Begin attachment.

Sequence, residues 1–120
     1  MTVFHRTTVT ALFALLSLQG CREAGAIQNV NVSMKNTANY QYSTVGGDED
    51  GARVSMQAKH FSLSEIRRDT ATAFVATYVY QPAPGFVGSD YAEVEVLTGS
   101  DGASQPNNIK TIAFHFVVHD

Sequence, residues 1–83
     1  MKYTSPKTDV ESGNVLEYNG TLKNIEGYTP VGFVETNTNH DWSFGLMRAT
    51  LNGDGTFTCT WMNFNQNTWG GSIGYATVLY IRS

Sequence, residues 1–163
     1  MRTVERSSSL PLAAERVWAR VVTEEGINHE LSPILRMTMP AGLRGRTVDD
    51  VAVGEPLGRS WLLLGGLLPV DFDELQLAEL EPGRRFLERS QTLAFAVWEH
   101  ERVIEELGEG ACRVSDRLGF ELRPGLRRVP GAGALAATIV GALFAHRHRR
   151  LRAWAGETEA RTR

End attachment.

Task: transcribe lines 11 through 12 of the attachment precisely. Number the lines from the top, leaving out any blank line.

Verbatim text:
   101  ERVIEELGEG ACRVSDRLGF ELRPGLRRVP GAGALAATIV GALFAHRHRR
   151  LRAWAGETEA RTR